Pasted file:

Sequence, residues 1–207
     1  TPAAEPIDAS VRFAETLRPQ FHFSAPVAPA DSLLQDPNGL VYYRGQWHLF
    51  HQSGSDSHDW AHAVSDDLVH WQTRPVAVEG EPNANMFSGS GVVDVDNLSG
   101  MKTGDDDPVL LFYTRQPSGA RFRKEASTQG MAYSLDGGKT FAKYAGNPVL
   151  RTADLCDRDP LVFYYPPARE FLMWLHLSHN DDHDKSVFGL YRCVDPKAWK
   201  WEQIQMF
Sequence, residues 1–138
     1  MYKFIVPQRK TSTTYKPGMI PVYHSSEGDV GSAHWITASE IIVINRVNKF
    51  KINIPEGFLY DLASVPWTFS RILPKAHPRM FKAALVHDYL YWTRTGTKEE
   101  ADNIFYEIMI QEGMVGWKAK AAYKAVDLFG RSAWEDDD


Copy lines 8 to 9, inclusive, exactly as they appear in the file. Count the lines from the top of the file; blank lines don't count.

     1  MYKFIVPQRK TSTTYKPGMI PVYHSSEGDV GSAHWITASE IIVINRVNKF
    51  KINIPEGFLY DLASVPWTFS RILPKAHPRM FKAALVHDYL YWTRTGTKEE